Before you can enjoy all of the exciting features that the Lyric Thermostat has to offer, the device must be installed and programmed with your Total Connect account. This guide will focus on the removal of your old thermostat and the installation of the the Lyric Round Thermostat. For more information on integrating your Lyric Thermostat with Total Connect, please consult the Lyric Thermostat enrollment guide. You can also use the Lyric App to help walk you through the installation process. If you do not have the Lyric App, you can download it for free from the App Store or Google Play. You can make a Lyric account to use with your Lyric thermostat. We strongly recommend following the instructions outlined in the app as you complete the installation.

You can install the Lyric Thermostat by completing the following steps:

1. Turn off the heating and cooling system. When installing the Lyric Thermostat, you should start by shutting off the power to the building's heating and cooling system from the circuit breaker. This will help to avoid any electrical issues during the installation process. To confirm that the power for heating and cooling is shut off. Try increasing of decreasing the set temperature by several degrees. If you hear the building's heater or cooler activate, then the power to the system has not been shut off properly. It is also recommended that you feel the area around the building's air vents to make sure that no hot or cool air is coming out.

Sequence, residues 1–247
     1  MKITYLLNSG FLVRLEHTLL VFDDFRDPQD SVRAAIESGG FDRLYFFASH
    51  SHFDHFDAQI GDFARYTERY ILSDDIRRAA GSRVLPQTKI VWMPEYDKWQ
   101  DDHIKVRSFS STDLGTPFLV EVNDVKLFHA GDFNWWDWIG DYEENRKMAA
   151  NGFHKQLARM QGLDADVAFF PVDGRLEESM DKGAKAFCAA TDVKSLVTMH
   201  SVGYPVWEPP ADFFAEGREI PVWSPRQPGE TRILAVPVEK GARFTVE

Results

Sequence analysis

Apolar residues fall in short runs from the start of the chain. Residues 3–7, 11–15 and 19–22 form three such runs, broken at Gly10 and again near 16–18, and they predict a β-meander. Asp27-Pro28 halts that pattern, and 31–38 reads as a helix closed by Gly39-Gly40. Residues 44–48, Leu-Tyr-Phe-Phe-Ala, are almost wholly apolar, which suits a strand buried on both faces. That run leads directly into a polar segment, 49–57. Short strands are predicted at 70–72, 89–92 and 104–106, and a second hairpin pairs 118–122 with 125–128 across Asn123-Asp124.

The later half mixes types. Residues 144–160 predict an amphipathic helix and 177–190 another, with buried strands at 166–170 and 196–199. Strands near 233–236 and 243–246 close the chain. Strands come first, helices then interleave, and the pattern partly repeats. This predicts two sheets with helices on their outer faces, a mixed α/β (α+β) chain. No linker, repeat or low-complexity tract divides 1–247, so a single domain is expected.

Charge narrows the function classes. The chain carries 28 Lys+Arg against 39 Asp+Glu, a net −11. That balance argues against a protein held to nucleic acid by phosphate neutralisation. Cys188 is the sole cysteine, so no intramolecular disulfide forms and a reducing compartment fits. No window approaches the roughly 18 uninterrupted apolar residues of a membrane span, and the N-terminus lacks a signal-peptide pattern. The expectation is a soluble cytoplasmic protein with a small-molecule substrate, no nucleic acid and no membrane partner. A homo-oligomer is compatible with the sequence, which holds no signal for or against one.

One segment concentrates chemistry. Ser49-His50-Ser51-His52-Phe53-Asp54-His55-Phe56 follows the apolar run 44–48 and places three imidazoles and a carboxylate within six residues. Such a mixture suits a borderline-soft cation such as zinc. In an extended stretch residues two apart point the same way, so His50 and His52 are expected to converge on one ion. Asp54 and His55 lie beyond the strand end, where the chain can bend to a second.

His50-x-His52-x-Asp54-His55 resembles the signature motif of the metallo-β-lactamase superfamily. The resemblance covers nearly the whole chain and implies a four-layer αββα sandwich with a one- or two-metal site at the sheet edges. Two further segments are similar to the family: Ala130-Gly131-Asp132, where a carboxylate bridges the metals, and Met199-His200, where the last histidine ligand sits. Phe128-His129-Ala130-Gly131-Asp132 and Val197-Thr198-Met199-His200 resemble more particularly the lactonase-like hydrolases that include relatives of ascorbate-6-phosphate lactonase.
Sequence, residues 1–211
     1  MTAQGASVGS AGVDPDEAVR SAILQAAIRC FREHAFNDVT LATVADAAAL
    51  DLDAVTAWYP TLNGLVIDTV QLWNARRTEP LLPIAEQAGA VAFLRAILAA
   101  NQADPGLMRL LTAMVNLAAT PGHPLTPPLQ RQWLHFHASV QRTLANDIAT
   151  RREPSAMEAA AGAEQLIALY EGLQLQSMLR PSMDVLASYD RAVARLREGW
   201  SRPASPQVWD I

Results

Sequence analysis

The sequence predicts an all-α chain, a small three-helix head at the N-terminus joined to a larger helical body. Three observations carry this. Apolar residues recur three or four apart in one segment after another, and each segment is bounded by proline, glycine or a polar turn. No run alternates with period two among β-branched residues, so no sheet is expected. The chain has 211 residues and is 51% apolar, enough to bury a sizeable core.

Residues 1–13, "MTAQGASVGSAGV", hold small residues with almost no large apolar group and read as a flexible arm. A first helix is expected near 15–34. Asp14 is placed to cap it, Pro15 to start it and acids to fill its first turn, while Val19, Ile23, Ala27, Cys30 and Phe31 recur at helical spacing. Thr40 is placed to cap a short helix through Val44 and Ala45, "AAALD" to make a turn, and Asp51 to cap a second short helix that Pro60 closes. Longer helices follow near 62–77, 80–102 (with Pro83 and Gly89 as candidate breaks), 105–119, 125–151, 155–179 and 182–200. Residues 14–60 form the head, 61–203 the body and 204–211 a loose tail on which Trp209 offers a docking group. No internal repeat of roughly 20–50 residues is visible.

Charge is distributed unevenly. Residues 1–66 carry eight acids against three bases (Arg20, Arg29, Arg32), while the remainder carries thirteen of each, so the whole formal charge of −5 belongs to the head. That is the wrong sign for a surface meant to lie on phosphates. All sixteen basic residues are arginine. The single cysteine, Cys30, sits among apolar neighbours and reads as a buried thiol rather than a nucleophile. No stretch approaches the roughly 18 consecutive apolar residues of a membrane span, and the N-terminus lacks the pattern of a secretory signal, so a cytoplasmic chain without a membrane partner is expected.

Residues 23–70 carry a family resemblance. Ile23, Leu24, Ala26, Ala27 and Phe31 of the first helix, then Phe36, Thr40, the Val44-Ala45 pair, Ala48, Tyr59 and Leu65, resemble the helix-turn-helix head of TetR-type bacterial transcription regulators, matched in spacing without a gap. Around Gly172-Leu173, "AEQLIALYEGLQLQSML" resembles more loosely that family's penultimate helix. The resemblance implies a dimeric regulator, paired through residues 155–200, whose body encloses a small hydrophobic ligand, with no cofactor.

2. Remove the old thermostat from its backplate and check its wiring. With the heating and cooling system off, you can then begin removing the old thermostat. Most thermostats are attached to a backplate that is mounted to the wall. Some thermostats will be able to be gently unattached from the backplate, while others will require some screws to be removed. Once you have removed the old thermostat from its backplate, you will be able to see the connected wires and determine the type of power supply that is used for the building's heating and cooling system. If you see thick black wires with wire nuts, then the building uses a line voltage system, and the Lyric Thermostat will not be compatible. You should also check the voltage for the old thermostat. If the old thermostat that was used with the building is 110 volts or higher, then again, the Lyric Thermostat will not function with the building's heating and cooling system. These are very important aspects to check, as setting the Lyric Thermostat with an incompatible heating and cooling system could result in serious damage.